Tuesday, April 12, 2011

Arthur (2011)

MPAA (PG-13) CNS/USCCB (A-III) Roger Ebert (3 stars) Fr Dennis (1 1/2 stars)

IMDb listing -
CNS/USCCB review -
Roger Ebert's review -

Arthur (starring Russell Brand, directed by Jason Winer, screenplay by Peter Baynham, story by Steve Gordon) is a remake of the 1981 original (starring Dudley Moore, written and directed by Steve Gordon). Neither version is particularly filled with edifying values. I suppose I prefer the remake over the original because I’ve generally liked Russell Brand while I’ve never appreciated or understood Dudley Moore.

Dudley Moore’s career was at its height when I was a teenager/young adult and I simply found nothing of value in his "middle-aged high society drunk" persona ("Ah, the sufferings of the rich..."). Now twenty years later, I’m middle aged ... but I still don’t particularly like or understand Dudley Moore’s characters. I do find Russell Brand’s often whiny "I’m a celebrity, you owe me" persona that he’s played in a number of movies (Forgetting Sarah Marshall and Get Him to the Greek) a little more accessible to Moore’s if only because he plays the roles as if he were a "rock star" and I’m more familiar with the expected antics of a "rock star" than those of someone who’s spent his/her life traveling between a Manhattan penthouse and the Hamptons. Still, if a remake of Arthur really needed to be made (I did not like the original), then Russell Brand was probably a really good choice for the remake’s title role.

Now about the characters and the plot: Arthur is about a "filthy rich 30-40 something boy-man" Arthur (played in the original by Dudley Moore and in the remake by Russell Brand) who insulated by his money has never grown up. In each case, he’s pressured by family to marry a woman of his social class who the parent/family believes would finally "make something of him." In the original, the parent doing the pressuring was Arthur’s father Stanford (played by Thomas Barbour); in the remake it was Arthur’s mother Vivienne (played by Geraldine James). In both cases, the woman that the pressuring parent wanted Arthur to marry was named Susan. In the original, Susan was played by Jill Eikenberry, in the remake by Jennifer Gardner. In both cases, Arthur simply does not love this woman. Instead, Arthur comes to prefer a different woman of a much different (lower/simpler) class. In the original, Arthur’s true love interest becomes Linda (played by Liza Minelli) in the remake she's named Naomi (played by Greta Garwig). In both cases, Arthur’s true parent or mentor figure was named Hobson. In the original, Hobson was Arthur’s butler (played by John Geilgud); in the remake, Hobson is Arthur’s nanny (played by Helen Mirren).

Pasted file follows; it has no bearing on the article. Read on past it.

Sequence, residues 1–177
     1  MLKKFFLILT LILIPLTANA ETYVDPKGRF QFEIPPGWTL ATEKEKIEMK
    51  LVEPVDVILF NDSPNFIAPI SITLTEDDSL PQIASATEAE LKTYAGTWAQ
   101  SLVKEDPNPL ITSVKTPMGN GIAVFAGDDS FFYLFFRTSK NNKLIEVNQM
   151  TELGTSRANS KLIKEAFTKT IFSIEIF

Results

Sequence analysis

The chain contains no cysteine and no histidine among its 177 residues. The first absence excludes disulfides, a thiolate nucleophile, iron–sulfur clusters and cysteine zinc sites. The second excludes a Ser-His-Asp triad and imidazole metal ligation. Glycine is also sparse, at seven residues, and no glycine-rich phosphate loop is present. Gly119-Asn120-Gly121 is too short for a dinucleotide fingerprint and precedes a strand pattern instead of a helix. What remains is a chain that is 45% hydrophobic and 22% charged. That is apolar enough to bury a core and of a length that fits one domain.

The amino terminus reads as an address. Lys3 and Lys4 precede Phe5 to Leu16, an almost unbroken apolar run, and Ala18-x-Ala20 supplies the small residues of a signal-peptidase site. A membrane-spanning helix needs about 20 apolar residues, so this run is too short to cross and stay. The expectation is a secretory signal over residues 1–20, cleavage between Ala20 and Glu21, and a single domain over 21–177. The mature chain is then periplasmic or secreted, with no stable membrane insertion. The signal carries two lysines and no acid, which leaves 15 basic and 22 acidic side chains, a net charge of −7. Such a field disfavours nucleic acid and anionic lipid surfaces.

In both cases, despite having been pressured by family, Arthur finally makes his own way. The 2011 version probably has a _somewhat_ more edifying ending. In either case, it’s hard to find much of great moral value, except perhaps that everyone has a right (and a duty) to ultimately take responsibility for one’s own life.

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